HUNDREDS of people are waiting far longer than they should for a potentially life-saving medical examination – because of where they live.
New figures have shown that waiting lists for diagnostic endoscopy procedures, which can detect conditions such as cancer or stomach ulcers, are spiralling across the Lothians.
At the end of September, 1224 people had waited four weeks or longer for an endoscopy – more than the 13 other health board areas combined.
NHS Lothian has launched a new action plan to deal with the rocketing figures, which will see an increasing number of endoscopies performed by private providers alongside the recruitment of new staff.
But MSPs from across the political divide called on Health Secretary Alex Neil to intervene, after NHS Lothian figures revealed the gap is widening, with the number waiting longer than six weeks almost doubling from 609 in September to 1124 last month.
Labour Lothians MSP Sarah Boyack said: “These huge delays for endoscopy tests are the worst across Scotland. Patient care will be affected as a result of this backlog.”
Conservative deputy leader and health spokesperson Jackson Carlaw said patients in Lothian would “rightly feel they are getting a poorer service compared with other parts of the country”.
He added: “Clearly, there is a problem with the senior management at NHS Lothian and it is perhaps time the new Health Secretary Alex Neil intervened to bring this health board into line.”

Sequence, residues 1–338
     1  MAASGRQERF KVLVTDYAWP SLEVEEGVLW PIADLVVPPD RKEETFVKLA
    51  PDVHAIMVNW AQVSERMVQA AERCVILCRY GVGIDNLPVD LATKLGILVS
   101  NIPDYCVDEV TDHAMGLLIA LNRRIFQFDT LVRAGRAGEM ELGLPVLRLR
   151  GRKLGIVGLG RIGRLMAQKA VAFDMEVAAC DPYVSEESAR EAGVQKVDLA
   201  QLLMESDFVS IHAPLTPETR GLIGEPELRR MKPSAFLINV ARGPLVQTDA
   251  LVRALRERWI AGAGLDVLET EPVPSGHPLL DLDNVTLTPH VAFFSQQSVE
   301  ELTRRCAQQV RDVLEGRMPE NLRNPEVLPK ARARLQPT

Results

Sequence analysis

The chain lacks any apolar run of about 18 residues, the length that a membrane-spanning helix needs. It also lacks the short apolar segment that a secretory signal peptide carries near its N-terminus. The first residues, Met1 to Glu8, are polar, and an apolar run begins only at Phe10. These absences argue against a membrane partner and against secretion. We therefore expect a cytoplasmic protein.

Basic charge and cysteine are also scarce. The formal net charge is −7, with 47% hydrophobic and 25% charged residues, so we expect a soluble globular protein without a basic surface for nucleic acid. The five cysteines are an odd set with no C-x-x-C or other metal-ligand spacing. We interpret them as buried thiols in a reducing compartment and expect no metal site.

There were no patients waiting longer than four weeks in the Greater Glasgow and Clyde, Grampian, Orkney and Shetland areas, and fewer than 10 in Borders, Dumfries and Galloway, Tayside and Highland.
Those included in the figures are awaiting both upper and lower endoscopies and colonoscopies, which sees a tube with a light and camera used so that doctors can see inside patients’ digestive systems.
The Lothian figures do not include the 2833 patients who are overdue an endoscopy for surveillance, rather than diagnostic, purposes.
The Evening News revealed in September that of the thousands of patients on the screening programme who were overdue the scope, some should have been seen in 2008.
At the time, former Edinburgh MP John Barrett, who was treated for bowel cancer after he was diagnosed by a doctor using a colonoscopy last year, said the checks were a matter of “life and death”.
Deborah Alsina, CEO at Bowel Cancer UK, today branded the delays “completely unacceptable” and said they were putting lives at risk.
She said: “I urge NHS Lothian and the Scottish Government to make the necessary investment immediately to ensure that people have access to these essential services now and in the future.”
NHS Lothian medical director Dr David Farquharson said the number of patients being referred for endoscopies had risen in recent months due to the large number of patients being treated in the successful drive to reduce inpatient and outpatient waiting times.
He said: “In order to ensure these patients are seen promptly, we have recruited external firms, invested in additional staff and will work with external providers.
“Demand for endoscopy has trebled in recent years, partly due to an ageing population with multiple health conditions. The introduction of the national bowel screening programme in 2007 has also led to a significant increase in numbers.”